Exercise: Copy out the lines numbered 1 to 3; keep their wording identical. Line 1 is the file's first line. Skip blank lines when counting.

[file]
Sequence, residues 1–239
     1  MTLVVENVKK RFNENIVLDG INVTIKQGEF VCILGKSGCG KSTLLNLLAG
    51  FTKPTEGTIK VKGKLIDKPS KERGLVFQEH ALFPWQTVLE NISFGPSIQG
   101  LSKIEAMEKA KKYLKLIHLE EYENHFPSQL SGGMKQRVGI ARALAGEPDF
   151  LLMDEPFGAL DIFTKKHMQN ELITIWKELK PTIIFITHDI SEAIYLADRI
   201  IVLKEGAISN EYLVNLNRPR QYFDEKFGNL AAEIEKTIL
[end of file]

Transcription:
Sequence, residues 1–239
     1  MTLVVENVKK RFNENIVLDG INVTIKQGEF VCILGKSGCG KSTLLNLLAG
    51  FTKPTEGTIK VKGKLIDKPS KERGLVFQEH ALFPWQTVLE NISFGPSIQG